Evaluating Training Part 2

By Phil La Duke

I hadn’t planned on writing more on this subject—that is to say the evaluation of training. Not that I don’t have more to say, much more in fact; it’s just that I saw little value in exploring Level 3 of Kirkpatrick’s model of training evaluation when so few get the first two levels correct. Level 3, which measures whether or not the learning is transferred into practice in the workplace. To be sure this kind of measurement can be tricky, and based on some of the feedback I got from the first post, many of you are skipping the first two steps in favor of jumping into the third, not only is this short-sighted, it might just be dangerous.

I won’t revisit Kirkpatrick’s model except to say that it is important to measure the first two levels for the reasons I cited last week. But once we are assured that the learners understand the point and importance of the class they have completed, and we know whether or not they acquired skills as a result of the course, you have to determine whether or not they apply those skills in the workplace.

Correct application of skills is especially important in safety because it can literally mean the difference between life and death.

Before we get into that I should clarify something. While all training does not happen in a classroom (in fact while most does most shouldn’t) all training should be evaluated. I’m afraid I may have created some confusion with last week’s post when I introduced the concept of pre- and posttesting. Sometimes, for safety sake we have to assume the worker knows nothing when we evaluate whether or not non-classroom training is effective. In a particularly cost effective way of training is demonstration and practice. In this type of training a skilled trainer or veteran employee, using either a task list or a standard work instruction sheet demonstrates the correct way to do the task while the learner watches and asks questions until he or she is ready to practice the tasks under the watchful eye of the trainer. Obviously in cases where the worker could injure him or herself by operating heavy equipment or unfamiliar machinery so administrating a pretest where you let the learner jump right in just to see if he or she can operate a CNC machine or induction molder would be recklessly and provide no value except to determine if the worker already had the skills that the shadow training was meant to be imparting. In broad strokes, we don’t care whether they NEED the training we are going to err on the side of caution (not to mention avoiding legal liability and violation of the General Duty Clause) and give the training to the person.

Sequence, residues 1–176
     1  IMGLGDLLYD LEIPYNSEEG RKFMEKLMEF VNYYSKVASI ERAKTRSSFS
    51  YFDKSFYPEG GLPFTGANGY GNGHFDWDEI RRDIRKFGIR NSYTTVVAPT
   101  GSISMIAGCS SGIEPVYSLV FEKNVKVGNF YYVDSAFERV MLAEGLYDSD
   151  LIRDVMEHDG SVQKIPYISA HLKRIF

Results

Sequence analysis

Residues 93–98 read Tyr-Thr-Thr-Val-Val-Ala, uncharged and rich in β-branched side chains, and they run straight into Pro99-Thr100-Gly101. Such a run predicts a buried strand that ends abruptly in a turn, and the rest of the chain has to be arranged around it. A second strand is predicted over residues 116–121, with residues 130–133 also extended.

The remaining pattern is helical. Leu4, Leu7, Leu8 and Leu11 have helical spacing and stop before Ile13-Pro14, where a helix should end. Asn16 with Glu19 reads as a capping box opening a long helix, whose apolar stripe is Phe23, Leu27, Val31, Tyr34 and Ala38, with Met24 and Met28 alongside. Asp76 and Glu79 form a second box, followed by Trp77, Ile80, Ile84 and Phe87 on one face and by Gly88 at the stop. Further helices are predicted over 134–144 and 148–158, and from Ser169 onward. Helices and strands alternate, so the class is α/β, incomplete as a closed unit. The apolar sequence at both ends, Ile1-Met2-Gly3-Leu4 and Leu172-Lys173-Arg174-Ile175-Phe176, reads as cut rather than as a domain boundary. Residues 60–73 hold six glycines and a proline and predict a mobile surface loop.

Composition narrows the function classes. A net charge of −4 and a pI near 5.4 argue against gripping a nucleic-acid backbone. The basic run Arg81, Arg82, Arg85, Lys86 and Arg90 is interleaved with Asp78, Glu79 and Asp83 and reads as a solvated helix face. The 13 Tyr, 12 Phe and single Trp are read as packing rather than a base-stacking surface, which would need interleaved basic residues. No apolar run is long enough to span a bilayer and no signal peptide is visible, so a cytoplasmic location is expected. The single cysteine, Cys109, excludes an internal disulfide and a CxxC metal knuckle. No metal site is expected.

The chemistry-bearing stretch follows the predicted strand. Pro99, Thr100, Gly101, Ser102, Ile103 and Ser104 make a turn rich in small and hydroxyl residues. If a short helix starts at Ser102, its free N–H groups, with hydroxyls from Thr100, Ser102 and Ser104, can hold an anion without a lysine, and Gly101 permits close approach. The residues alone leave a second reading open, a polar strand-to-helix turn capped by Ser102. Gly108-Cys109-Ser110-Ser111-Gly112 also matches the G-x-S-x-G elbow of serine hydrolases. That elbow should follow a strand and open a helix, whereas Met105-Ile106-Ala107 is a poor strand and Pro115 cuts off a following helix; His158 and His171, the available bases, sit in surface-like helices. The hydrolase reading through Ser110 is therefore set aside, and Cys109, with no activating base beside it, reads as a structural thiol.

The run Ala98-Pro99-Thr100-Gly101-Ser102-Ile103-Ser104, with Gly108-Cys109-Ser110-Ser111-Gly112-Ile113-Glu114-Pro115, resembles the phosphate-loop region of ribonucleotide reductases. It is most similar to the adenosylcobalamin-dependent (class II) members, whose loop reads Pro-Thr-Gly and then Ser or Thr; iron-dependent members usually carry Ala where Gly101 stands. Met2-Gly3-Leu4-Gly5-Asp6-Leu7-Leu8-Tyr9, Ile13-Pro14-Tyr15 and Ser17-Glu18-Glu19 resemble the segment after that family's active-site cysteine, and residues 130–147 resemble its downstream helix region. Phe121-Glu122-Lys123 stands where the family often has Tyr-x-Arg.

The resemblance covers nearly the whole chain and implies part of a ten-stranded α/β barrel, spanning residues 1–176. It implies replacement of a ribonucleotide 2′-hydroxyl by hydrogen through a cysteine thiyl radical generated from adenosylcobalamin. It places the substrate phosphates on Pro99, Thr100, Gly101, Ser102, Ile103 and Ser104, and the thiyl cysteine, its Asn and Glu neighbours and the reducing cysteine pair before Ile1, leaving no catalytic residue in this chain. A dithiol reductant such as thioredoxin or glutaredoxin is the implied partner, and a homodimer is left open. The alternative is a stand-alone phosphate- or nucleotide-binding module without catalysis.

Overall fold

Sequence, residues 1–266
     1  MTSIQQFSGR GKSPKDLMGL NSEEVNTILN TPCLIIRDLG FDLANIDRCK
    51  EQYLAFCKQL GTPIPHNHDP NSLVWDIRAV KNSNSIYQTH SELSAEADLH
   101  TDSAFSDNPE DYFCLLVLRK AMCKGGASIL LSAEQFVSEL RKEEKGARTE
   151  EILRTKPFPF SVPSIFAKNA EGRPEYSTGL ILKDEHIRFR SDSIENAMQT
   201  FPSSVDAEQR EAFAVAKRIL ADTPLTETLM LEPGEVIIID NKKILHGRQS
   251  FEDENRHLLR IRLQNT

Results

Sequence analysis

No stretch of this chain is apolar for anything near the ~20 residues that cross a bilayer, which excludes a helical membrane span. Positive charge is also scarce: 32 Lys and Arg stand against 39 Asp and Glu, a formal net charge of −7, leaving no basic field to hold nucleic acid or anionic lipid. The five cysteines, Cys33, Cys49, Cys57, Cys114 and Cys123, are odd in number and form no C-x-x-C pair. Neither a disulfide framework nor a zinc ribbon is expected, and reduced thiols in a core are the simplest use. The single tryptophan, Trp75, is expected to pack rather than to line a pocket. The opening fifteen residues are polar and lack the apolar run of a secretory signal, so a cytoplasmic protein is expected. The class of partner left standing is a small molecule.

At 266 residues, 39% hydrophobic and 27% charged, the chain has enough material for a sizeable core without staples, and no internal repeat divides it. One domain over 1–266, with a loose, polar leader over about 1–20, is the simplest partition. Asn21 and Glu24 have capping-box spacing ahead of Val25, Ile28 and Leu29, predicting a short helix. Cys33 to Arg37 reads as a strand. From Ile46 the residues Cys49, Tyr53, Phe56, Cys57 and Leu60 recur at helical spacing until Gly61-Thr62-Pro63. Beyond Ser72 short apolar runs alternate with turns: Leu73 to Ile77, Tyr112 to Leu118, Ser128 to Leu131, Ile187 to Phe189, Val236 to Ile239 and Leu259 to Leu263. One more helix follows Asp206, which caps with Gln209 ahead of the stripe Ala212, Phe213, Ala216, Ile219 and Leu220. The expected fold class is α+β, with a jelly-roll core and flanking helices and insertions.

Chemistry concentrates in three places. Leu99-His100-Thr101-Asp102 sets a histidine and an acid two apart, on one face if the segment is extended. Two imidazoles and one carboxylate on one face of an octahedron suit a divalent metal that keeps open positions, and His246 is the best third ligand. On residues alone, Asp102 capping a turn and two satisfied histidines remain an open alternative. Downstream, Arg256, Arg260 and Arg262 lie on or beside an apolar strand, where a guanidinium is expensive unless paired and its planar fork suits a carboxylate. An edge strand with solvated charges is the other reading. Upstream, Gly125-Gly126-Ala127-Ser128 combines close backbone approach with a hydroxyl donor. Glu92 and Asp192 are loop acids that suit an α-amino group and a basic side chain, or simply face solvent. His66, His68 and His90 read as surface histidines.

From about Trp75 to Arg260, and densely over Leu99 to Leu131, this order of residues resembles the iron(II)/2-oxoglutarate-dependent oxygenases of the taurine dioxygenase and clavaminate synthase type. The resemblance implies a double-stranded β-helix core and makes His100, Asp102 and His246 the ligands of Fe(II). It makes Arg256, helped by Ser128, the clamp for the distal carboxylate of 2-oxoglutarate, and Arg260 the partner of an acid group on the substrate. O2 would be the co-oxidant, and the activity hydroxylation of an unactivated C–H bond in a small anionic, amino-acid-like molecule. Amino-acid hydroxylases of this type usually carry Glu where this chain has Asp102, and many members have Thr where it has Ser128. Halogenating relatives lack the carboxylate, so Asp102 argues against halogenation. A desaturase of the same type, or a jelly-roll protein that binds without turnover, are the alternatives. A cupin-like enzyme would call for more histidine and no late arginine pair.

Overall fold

The tendency of trainers and especially veteran employees to skip areas of the training or skimp on the demonstration and practice because the worker seems particularly adroit at the skills makes the level three evaluations critical. I tend to wait a month and ask the worker to basically perform those tasks in which he or she was trained to see if the worker is still able to perform the skills to standard. During this evaluation I would ask specific questions that align with the course objectives to see what, if anything, has been retained.

At this point, many of you are questioning, whether or not it’s even necessary that the worker retain the information presented in an orientation. The problem with an orientation is that the learners frequently lack sufficient context to synthesize the concepts presented. This may sound like psychobabble—after all what sort of context does one need to understand that fire can burn you, electricity can shock you, and chemicals can poison you? Unfortunately, after a month on the job a worker tends to start to feel invincible and the once terrifying becomes mundane and even acceptable. By conducting a level three evaluation you can both evaluate training effectiveness and provide context and much needed reinforcement of the critical safety points the training was intended to impart, and by repeated evaluations and reinforcement the training can ultimately become internalized and hardwired into the behavior.

There is a complex connection between evaluation and reinforcement, especially when we get to level 3 (and forget 4—leave that to the training professionals to argue over) evaluation this intricate connection is especially strong, which is why I didn’t want to get into it in the first place.

 

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